The chief contest was for lieutenant governor. There were nine candidates before the convention. It was recognized that Senator Charles T. Saxton of Wayne was the strongest, but it was not believed that he could be nominated upon the first ballot, if at all. His strength, however, proved to have been under-estimated. When the roll called it was evident that Mr. Saxton lacked only about twenty votes of a nomination. While the secretaries were figuring up the count, St. Lawrence county charged its vote to Saxton. This action was followed by one district of Kings county, and. then there was a stampede toward Saxton, and before the count was announced the motion was made, and seconded by many, that the nomination be made unanimous. The motion was carried amid great enthusiasm.
   Judge Albert Height of Erie was named for judge of the court of appeals upon the second ballot.
   The ticket meets with popular approval. There is no reason why it should not be elected. It is an opportune time. The great wave of Republicanism which swept over the country a year ago is growing in volume, and it seems likely that New York state will vote up a Republican majority in November which has never been seen before.

New York Gov. Roswell Flower.
Handwriting on the Wall.
   Governor Flower sees the handwriting on the wall. He recognizes that this is a Republican year and that if he should be nominated by the Democrats he would not be "in it," and consequently he prefers that some one other than himself should be the nine pin to be knocked down by the great ball of Republicanism that will this year be hurled down the alley with unerring aim by the citizens of the Empire state. As a result he yesterday gave out the following statement:
   I am convinced that my nomination, if it should be accorded to me by the convention, would not be so likely to command the full vote of the party as would the nomination of some other Democrat, and I am too desirous of Democratic success to stand in its way.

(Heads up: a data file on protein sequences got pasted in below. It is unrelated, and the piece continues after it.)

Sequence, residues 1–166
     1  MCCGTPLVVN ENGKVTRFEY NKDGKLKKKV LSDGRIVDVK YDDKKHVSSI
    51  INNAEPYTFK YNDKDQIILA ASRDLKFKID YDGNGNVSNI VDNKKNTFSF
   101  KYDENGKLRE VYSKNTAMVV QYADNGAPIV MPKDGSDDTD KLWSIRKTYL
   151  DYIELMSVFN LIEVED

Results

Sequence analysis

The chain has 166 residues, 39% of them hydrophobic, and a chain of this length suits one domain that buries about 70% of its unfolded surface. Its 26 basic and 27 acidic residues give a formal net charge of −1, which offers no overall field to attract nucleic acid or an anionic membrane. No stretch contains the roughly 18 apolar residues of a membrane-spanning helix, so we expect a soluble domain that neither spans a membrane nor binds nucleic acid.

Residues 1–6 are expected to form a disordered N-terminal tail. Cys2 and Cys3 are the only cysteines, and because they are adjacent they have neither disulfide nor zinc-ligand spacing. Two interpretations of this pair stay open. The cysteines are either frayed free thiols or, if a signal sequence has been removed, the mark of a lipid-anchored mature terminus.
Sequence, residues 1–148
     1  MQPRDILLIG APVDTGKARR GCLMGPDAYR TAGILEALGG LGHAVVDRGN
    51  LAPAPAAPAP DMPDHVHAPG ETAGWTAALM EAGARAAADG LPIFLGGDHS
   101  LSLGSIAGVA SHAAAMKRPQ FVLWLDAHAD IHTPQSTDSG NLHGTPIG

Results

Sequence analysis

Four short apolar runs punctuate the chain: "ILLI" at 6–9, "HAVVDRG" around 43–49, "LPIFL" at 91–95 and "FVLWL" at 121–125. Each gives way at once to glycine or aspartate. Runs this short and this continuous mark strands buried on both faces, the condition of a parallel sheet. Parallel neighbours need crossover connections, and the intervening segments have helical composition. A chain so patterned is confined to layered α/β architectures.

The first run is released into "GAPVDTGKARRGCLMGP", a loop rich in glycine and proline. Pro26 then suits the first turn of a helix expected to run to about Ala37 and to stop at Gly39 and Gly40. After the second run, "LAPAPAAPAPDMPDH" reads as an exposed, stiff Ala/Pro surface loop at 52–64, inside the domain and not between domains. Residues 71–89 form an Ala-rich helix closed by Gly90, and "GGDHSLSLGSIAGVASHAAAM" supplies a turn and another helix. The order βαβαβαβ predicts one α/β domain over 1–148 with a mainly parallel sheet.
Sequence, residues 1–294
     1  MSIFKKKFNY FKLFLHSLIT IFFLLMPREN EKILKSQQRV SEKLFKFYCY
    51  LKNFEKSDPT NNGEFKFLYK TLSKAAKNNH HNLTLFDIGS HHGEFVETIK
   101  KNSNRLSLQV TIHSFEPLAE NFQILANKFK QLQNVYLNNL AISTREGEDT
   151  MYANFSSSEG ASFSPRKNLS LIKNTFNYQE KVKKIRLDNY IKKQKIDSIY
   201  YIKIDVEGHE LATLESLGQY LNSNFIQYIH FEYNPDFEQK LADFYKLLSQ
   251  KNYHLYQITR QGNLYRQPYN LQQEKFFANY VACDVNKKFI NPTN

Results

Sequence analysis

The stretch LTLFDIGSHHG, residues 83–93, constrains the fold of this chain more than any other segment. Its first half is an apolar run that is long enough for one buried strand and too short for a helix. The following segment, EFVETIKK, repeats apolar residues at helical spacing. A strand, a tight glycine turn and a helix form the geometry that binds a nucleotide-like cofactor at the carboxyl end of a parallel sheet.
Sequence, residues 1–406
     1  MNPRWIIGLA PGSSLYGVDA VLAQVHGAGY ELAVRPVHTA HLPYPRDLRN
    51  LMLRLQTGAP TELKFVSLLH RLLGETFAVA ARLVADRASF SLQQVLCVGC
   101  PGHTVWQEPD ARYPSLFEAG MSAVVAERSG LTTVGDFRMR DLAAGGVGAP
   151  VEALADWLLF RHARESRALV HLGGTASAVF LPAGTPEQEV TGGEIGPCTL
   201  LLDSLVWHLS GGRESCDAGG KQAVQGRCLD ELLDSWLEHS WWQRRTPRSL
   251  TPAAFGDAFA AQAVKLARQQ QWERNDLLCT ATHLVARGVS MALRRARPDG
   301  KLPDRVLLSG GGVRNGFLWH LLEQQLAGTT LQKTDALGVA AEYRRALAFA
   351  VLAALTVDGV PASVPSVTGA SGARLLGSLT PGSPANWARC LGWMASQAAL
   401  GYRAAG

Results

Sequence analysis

This is an important year for the party. Republican victory in November would be likely to mean a perpetuation of Republican control for many years in this state, and Republican success in the nation in 1896. Our ticket must have the earnest, aggressive support of every Democrat to assure Democratic victory, and that man should be nominated for governor who can certainly command that support.

Young Man Makes off With a Wheel and a Horse and Buggy.
   Three weeks ago a young man came to Cortland and introduced himself to Policeman F. H. Monroe as Ward Yarnes, stating that he had been in the employ of George Barnes, an old friend of Mr. Monroe's residing at Triangle. Mr. Monroe kindly spent nearly all of his spare time for two days in showing the young man around town.
   During his stay here he had the misfortune to have a team run into and smash his wheel, which he took to Burrows & Webster, who put $1.50 worth of repairs on it. He did not pay for it when he took the wheel away. At about the same time he rented a wheel at Richardson's cycle house, afterward returned it, but did not settle.
   At 10:35 A. M. last Saturday he rented Richardson's Eclipse wheel to go to Homer. He paid for one and one-half hours in advance. He did not return with the wheel and when Saturday night arrived and the man and wheel were both missing Mr. Richardson became quite worried. He inquired about him of Mr. Monroe, who said that he had been "faked" by Yarnes, as the latter had told him that his friends from Triangle were coming up Saturday to spend Sunday. Mr. Monroe had made quite elaborate preparations for their entertainment, but they had failed to put in an appearance. It was afterwards learned that their proposed visit was as much a surprise to them as was Mr. Monroe's disappointment in their non-arrival.
   Yarnes was an acquaintance of Mr. Mathews at the hop fields and early Tuesday morning Mr. Richardson and Mr. Mathews hired a livery and started in pursuit of the wheel. They traced their man to Cincinnatus and afterwards went to his home at Smithville. His mother told them that she had not seen him for a month, but was anxious to do so as he had taken his sister's watch and chain and had forged an order on his parents near McDonough for $25. She thought that he had gone to his relatives in Lisle.